The idea of historical empathy is familiar to social studies teachers. Part of historical study is building connections to the past to understand what it was like to live and make decisions in different historical contexts. But historical empathy alone is not enough in understanding world cultures. Isolating a historical lens runs the risk of silencing contemporary voices. Most natural history museums face this challenge: Exhibitions on Native American cultures are often rooted in historical contexts, and many visitors walk away with the myth that these cultures are all but dead in the contemporary United States. Similarly, studying world cultures with a purely historical focus may leave students with the belief that other cultures are backward or stuck in time.
To address this potential problem, I divide academic empathy in the social sciences into three categories: historical empathy, pushing students outside presentism to understand people living in other times; cultural empathy, engaging with contemporary cultures outside of students' experiences and challenging students' cultural biases; and social empathy, building activities in which students learn to listen to one another's perspectives and collaborate to form new learning. These lenses can be found throughout the China Educator's Toolkit.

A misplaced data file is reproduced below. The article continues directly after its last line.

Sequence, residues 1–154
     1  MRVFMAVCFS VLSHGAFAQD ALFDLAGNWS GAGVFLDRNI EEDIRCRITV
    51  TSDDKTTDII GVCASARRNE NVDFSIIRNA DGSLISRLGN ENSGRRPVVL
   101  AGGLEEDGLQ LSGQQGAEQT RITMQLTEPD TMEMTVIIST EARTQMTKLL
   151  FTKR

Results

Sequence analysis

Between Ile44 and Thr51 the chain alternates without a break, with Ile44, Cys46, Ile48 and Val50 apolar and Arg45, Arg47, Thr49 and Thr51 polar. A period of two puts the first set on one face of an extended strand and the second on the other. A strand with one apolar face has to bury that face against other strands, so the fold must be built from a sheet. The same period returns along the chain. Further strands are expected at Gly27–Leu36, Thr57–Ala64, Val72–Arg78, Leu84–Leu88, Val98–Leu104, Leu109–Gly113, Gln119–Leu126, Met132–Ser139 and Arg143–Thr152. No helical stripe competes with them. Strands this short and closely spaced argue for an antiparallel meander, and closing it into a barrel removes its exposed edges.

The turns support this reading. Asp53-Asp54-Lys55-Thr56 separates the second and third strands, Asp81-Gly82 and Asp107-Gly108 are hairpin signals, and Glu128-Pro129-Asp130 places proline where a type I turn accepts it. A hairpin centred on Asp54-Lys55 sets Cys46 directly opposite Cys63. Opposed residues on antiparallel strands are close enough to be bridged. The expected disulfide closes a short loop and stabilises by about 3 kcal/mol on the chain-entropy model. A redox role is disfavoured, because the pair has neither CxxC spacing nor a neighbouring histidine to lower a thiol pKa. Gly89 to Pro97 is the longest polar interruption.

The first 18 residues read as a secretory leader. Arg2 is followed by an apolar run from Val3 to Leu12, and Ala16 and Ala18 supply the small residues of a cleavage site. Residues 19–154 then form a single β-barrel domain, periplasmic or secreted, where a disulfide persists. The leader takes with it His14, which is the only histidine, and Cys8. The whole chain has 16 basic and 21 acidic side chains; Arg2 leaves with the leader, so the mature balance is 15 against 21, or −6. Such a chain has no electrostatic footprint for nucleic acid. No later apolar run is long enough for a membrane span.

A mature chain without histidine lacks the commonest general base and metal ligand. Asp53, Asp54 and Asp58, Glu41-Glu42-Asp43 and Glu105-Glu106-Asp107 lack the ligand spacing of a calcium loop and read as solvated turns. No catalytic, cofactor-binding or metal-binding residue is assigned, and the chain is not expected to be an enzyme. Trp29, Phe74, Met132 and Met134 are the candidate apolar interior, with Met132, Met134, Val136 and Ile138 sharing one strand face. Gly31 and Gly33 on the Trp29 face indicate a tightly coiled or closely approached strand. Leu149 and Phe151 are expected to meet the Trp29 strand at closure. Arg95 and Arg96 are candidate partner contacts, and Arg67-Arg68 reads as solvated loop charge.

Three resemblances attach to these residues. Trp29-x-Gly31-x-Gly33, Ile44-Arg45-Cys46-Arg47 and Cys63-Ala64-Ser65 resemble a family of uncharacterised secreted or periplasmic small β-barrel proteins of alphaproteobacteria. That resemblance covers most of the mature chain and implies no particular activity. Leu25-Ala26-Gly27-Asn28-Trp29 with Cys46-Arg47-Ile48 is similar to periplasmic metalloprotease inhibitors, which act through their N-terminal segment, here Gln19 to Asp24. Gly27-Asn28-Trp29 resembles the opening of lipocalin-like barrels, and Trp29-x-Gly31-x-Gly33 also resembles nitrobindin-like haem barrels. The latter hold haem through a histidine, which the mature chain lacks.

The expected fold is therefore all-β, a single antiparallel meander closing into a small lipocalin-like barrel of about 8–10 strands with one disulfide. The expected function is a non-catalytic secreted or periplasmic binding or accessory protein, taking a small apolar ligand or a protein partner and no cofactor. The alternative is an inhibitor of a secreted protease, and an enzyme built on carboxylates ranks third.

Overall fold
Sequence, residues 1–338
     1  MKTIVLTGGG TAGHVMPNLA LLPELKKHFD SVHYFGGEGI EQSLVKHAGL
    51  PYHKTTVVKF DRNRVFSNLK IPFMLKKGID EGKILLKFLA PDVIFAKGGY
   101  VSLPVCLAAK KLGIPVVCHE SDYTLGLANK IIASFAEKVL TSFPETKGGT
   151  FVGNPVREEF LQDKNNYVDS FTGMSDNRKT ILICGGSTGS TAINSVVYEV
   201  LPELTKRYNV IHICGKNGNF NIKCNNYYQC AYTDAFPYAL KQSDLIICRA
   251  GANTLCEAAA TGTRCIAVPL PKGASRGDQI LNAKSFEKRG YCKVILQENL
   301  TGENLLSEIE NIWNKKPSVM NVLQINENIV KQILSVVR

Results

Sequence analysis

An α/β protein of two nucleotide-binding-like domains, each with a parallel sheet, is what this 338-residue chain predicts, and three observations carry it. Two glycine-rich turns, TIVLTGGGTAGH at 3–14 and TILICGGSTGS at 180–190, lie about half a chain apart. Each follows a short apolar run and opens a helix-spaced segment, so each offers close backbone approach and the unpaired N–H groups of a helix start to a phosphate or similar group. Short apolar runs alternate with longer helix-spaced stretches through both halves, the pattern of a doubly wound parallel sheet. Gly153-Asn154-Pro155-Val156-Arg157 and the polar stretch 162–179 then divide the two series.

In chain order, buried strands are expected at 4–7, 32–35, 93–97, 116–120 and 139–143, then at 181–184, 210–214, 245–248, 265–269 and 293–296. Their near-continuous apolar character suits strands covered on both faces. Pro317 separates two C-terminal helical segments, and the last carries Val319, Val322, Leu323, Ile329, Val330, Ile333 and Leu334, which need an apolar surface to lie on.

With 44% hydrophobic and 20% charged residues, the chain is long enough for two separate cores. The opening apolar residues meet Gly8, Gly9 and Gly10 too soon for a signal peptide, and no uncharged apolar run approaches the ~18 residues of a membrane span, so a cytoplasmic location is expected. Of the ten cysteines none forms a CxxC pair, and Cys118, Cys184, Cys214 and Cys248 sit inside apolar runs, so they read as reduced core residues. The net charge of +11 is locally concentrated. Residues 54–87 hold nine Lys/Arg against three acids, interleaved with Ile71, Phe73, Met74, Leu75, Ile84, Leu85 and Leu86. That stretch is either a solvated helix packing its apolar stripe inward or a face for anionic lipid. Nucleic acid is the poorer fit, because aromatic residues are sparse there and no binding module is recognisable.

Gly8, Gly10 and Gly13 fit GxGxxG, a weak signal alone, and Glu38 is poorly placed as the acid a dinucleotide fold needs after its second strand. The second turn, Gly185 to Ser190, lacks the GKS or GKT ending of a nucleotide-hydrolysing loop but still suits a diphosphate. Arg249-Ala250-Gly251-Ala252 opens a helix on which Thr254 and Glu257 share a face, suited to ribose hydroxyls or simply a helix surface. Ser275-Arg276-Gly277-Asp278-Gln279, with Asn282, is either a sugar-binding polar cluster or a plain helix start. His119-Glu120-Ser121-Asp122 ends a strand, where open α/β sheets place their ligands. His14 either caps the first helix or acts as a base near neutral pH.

Empathy Through Inquiry

The skills required for the three lenses of empathy overlap, and they also complement the critical thinking subskills of connecting, clarifying, comparing, evaluating, interpreting, questioning, and suspending judgment. In their 2001 article "The Role of Empathy in the Development of Historical Understanding," Elizabeth Yeager and Stuart Foster present an inquiry-based approach to engaging empathy by providing students with a paradox to overcome.
First, teachers present a paradox. For example, "How have charismatic leaders enabled decent people to contribute to genocide?" To address the paradox, students research historical context, analyze historical sources and interpretations, and construct reasonable historical conclusions that include multiple perspectives.
The concept paradox presents a challenge. How can we introduce a paradox without contributing to misunderstandings and the formation of new biases? And particularly, how can we do this with middle school students, who can be quick to judge?